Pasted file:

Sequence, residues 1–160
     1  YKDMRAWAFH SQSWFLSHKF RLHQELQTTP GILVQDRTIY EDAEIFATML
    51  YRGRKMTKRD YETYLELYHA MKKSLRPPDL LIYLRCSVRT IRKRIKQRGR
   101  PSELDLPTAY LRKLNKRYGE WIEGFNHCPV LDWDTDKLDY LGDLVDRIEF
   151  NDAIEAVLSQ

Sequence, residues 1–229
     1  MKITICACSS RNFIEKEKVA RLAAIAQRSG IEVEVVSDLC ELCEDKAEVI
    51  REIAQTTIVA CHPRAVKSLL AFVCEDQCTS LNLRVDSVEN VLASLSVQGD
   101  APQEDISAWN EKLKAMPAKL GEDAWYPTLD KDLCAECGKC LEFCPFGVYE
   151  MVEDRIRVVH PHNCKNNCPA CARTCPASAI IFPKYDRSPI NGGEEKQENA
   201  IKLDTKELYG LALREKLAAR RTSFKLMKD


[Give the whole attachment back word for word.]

Sequence, residues 1–160
     1  YKDMRAWAFH SQSWFLSHKF RLHQELQTTP GILVQDRTIY EDAEIFATML
    51  YRGRKMTKRD YETYLELYHA MKKSLRPPDL LIYLRCSVRT IRKRIKQRGR
   101  PSELDLPTAY LRKLNKRYGE WIEGFNHCPV LDWDTDKLDY LGDLVDRIEF
   151  NDAIEAVLSQ

Sequence, residues 1–229
     1  MKITICACSS RNFIEKEKVA RLAAIAQRSG IEVEVVSDLC ELCEDKAEVI
    51  REIAQTTIVA CHPRAVKSLL AFVCEDQCTS LNLRVDSVEN VLASLSVQGD
   101  APQEDISAWN EKLKAMPAKL GEDAWYPTLD KDLCAECGKC LEFCPFGVYE
   151  MVEDRIRVVH PHNCKNNCPA CARTCPASAI IFPKYDRSPI NGGEEKQENA
   201  IKLDTKELYG LALREKLAAR RTSFKLMKD